aggressively thinning latex paint?

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quickly quoth:

Just paint the fucking boards and shut up, already!
Sheesh!
Steve
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Ether Jones wrote:

pigment your paint will be as strong but with less pigment per volume.
Paint has three essential functional products (sometimes lots more chemicals): pigment, binder, vehicle. Pigment is the color you want. Usually ground up stuff. Binder is what holds it together when it is dry. Vehicle is what makes it liquid enough to get from the can to the brush to the surface, and makes it run out flat. The pigment, without the binder (or thinned too much) would make it like milk of magnesia, white dust on the siding :o)

Quality paint rarely needs thinning. To thin it too much is to weaken it's ability to stay on securely.

them in one foot lengths. Lay the 16 pieces of cut boards in four rows of four. Should cover 16 square feet. Now pick them up, throw away 8 of them. Use the remaining 8 pieces to cover the same area.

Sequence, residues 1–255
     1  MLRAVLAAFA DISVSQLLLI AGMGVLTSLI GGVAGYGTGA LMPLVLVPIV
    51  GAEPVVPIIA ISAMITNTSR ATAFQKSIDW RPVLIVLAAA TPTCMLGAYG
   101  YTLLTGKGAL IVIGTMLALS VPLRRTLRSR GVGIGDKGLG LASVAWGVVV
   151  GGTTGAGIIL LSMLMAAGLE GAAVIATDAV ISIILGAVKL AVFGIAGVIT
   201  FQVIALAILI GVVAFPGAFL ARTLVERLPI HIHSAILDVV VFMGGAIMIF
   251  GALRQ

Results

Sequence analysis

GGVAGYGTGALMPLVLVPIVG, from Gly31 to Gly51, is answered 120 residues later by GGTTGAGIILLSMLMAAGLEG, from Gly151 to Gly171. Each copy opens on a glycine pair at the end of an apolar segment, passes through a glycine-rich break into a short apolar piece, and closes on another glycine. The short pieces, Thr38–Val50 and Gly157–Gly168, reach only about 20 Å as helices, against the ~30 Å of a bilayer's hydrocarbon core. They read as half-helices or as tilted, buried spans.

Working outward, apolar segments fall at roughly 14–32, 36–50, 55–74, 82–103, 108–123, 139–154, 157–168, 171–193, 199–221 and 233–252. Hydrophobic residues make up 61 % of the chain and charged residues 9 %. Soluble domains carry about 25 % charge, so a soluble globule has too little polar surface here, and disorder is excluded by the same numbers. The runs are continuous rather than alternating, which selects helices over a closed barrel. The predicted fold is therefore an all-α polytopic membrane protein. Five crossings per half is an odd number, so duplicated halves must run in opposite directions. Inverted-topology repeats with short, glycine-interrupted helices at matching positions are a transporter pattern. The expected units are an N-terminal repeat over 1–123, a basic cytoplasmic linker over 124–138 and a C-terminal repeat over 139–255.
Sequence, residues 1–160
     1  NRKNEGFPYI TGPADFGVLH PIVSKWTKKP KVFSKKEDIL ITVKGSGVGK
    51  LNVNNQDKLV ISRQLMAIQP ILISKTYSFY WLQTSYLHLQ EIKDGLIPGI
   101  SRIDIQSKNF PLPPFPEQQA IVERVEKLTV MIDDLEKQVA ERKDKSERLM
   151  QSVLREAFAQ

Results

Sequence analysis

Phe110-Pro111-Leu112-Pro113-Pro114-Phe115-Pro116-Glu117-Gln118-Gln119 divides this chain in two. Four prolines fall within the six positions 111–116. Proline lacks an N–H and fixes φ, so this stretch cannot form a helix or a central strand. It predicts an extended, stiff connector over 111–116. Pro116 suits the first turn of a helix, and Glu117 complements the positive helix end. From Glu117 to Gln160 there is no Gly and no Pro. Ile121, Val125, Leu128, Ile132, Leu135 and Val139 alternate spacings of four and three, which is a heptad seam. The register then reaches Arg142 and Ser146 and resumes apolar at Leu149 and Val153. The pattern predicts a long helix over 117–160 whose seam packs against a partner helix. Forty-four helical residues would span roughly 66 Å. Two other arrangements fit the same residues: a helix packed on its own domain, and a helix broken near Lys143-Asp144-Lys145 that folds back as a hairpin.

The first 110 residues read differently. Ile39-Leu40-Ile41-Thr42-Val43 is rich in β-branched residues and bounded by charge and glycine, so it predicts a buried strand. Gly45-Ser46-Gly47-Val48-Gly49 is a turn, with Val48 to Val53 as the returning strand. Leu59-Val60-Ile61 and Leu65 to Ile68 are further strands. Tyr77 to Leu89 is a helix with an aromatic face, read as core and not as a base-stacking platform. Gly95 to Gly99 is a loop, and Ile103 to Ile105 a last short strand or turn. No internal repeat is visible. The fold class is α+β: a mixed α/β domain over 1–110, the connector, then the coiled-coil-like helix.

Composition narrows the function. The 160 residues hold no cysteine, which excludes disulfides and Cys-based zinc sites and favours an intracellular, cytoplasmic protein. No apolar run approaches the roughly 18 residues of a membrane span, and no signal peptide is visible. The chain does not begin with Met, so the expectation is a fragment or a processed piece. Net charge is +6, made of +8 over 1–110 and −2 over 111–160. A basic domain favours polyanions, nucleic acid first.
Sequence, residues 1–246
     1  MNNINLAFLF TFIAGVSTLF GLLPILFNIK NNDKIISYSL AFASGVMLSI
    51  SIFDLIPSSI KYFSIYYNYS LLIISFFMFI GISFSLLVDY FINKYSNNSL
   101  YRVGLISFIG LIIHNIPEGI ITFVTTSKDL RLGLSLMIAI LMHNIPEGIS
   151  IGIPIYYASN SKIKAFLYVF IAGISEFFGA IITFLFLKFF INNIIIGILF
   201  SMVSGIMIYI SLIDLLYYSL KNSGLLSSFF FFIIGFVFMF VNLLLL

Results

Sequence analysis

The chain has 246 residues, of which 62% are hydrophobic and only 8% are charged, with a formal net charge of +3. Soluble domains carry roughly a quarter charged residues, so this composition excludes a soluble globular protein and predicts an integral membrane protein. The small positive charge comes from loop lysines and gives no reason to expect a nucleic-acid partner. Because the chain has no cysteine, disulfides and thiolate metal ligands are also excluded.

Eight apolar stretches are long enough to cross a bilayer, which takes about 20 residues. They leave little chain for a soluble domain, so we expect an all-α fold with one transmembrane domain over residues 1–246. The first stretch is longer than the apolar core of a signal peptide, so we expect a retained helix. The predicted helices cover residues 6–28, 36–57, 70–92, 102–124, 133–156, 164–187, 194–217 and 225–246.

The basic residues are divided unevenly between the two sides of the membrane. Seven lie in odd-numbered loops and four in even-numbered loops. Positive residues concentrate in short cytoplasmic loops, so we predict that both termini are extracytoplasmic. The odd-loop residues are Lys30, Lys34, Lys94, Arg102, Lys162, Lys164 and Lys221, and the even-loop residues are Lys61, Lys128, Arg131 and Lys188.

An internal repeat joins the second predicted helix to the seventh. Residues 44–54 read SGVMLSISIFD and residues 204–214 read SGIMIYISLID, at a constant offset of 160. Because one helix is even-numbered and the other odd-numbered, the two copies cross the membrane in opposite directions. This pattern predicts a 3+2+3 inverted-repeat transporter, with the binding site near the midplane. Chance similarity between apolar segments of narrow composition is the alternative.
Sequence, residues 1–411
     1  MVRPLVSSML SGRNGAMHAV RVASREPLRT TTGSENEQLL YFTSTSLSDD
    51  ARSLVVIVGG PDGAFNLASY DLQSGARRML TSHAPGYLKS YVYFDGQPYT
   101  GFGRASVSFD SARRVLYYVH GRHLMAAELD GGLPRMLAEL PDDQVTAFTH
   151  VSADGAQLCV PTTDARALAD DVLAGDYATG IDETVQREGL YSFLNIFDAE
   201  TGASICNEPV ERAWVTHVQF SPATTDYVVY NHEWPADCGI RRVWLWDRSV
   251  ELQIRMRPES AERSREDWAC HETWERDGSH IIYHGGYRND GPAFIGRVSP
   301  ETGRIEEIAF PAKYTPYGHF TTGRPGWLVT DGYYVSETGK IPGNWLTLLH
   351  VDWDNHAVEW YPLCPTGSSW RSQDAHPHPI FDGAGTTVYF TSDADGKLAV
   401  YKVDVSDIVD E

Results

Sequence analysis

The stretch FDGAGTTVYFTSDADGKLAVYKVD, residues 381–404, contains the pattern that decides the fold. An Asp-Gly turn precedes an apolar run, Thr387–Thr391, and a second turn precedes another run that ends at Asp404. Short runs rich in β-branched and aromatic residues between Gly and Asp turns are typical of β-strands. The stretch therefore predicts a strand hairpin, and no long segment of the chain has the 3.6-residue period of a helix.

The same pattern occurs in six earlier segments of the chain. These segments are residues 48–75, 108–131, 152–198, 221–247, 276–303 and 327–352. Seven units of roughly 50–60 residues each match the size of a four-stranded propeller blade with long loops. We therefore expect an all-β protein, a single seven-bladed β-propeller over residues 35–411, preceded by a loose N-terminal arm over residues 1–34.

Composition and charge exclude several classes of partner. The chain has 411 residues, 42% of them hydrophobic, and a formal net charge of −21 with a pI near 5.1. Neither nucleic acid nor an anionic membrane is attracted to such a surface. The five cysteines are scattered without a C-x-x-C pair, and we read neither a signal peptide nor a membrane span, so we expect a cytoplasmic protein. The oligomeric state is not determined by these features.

Your thinned paint has binder spread too thin, I'm thinking. Might work.
Here is a link to additives, Floetrol (water base paint) and Penetrol (oil base). Penetrol is only one I have tried, for spraying. Works beautifully.
http://www.o-geepaint.com/cgi-bin/FrameIt.cgi?url=http://www.floodco.com
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Norminn wrote:

The question on the table is, *why*. See further discussion below:
EtherJones wrote:

Norminn wrote:

Your example is flawed; it is in no way analogous to what I wrote. Please reread my example more carefully. In my example, there was no binder "thrown away". Both boards have exactly the same amount of binder (and pigment) on them. So what makes one "weaker" than the other? Are you claiming that the added water somehow prevents the binder from polymerizing properly? And if that is what you are claiming, where did you learn this? Could you please cite some technical references.
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Ether Jones wrote: